Health professionals are expected to have accurate and clear answers on possible questions posed by the parents following ultrasonographic diagnosis [4, 5]. The responsibility of the referral center is to define the nature of the structural defect with as much precision as possible. Furthermore, giving the information of burden of treatment and prognosis regarding a possible less-than-ideal outcome depending on the severity is critical to the process of counseling. Recurrence risk may also be one of the major concerns the parents and families may have to confront [4]. Families who have a previous child with CL ± CP have a 3 to 5 percent chance of recurrence, and if a parent and a previous child are both affected, the recurrence rate may be as high as 15 percent [3].

Summary

Prenatal diagnosis of orofacial cleft gives the parents the possibility to prepare themselves in an emotional and practical way [20]. A frank discussion of the cost of care and strategies for obtaining coverage for care can also relieve unspoken anxiety [4]. Knowing the diagnosis before delivery also allows the cleft team to discuss the plans, for example, feeding issues, type and geographical location of the cleft [2]. This would make delivery much less traumatic, especially for the parents and the extended family [2]. Our department offers information pamphlet for the future parents when they visit for first counseling. Information pamphlet should contain the concerns of parents-to-be, including longitudinal management of clefts and contact numbers [2].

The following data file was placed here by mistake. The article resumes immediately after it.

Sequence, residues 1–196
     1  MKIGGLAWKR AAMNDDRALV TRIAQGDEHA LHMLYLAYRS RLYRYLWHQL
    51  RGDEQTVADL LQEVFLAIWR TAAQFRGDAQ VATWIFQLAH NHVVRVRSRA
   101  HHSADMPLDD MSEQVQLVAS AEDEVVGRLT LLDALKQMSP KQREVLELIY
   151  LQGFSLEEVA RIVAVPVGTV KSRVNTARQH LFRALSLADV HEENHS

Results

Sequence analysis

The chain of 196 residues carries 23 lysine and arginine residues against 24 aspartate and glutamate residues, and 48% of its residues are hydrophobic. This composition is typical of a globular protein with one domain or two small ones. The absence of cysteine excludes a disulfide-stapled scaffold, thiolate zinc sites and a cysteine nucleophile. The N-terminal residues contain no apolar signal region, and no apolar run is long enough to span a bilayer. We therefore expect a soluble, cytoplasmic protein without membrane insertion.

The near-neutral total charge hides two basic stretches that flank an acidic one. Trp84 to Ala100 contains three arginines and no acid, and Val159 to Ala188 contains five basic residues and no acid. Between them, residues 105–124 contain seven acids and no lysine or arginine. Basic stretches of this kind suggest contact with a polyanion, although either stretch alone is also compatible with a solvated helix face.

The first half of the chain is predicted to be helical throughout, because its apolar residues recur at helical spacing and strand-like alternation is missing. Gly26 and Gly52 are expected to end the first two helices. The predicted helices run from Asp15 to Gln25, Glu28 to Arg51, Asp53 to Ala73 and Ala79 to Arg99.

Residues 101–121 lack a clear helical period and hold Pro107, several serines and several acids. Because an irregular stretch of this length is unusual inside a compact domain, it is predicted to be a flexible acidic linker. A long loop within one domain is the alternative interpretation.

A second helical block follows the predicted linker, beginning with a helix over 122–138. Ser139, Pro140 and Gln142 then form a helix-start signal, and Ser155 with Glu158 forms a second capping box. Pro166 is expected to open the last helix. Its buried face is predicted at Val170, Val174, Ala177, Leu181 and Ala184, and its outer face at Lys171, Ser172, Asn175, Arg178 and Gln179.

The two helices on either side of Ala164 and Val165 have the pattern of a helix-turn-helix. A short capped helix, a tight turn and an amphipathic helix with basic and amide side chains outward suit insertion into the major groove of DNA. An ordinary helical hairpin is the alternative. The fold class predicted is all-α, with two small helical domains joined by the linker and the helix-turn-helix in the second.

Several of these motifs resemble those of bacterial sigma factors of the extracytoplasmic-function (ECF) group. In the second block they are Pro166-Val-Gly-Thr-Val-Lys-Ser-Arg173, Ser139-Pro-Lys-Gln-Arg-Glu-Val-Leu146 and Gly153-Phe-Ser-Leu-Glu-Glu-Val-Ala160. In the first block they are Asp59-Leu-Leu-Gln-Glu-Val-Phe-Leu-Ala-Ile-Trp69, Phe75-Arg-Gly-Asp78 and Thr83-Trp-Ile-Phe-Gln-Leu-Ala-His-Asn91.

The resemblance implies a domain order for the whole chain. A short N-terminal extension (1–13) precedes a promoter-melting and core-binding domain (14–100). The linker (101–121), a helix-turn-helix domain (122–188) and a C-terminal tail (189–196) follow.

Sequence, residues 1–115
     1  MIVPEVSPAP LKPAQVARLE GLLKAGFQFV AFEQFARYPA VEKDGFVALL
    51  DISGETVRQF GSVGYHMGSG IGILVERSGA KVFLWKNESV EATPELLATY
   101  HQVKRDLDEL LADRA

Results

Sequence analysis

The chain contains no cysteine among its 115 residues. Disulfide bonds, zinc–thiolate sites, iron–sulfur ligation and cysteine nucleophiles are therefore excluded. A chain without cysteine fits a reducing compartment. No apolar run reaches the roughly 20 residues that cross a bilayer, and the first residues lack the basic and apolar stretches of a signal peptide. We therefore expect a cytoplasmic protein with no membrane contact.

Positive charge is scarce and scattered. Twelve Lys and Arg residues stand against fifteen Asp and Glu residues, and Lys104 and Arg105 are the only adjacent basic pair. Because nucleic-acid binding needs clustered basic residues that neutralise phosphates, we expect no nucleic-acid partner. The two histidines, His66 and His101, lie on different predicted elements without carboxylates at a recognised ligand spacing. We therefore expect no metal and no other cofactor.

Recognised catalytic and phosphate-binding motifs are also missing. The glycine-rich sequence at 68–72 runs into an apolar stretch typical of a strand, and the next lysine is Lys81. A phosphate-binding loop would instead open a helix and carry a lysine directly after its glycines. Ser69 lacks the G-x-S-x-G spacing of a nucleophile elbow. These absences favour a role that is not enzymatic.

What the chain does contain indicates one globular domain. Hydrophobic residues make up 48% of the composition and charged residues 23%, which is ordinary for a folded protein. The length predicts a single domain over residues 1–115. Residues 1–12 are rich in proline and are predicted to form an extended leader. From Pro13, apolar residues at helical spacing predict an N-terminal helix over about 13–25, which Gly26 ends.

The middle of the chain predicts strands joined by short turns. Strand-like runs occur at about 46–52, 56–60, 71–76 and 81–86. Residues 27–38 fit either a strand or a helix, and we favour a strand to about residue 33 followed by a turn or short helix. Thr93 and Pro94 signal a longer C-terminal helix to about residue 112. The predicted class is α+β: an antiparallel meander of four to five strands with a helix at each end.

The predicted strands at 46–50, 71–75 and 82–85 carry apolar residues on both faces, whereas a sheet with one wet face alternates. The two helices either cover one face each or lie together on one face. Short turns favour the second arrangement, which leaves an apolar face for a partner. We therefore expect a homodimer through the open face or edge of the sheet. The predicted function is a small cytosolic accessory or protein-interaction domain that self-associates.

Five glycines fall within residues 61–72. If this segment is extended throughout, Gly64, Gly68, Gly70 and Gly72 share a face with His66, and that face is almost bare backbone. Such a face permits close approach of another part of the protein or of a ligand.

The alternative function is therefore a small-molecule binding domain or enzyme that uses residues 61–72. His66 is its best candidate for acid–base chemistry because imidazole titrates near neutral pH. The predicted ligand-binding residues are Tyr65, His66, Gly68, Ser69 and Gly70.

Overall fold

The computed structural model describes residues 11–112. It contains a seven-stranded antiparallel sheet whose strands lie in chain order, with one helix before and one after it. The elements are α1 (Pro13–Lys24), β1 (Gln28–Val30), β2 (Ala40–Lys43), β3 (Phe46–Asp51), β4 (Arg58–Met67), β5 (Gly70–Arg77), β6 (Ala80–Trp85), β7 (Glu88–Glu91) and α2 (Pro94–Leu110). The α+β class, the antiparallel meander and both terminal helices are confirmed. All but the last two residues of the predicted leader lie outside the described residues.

For an effective counseling, accuracy of diagnosis is essential. Diagnosing techniques have been dramatically improved throughout the decades by technology, equipment and skills. However, health professionals must be aware of the possible pitfalls and related considerations of the ultrasonographic diagnosis for better treatment planning and counseling.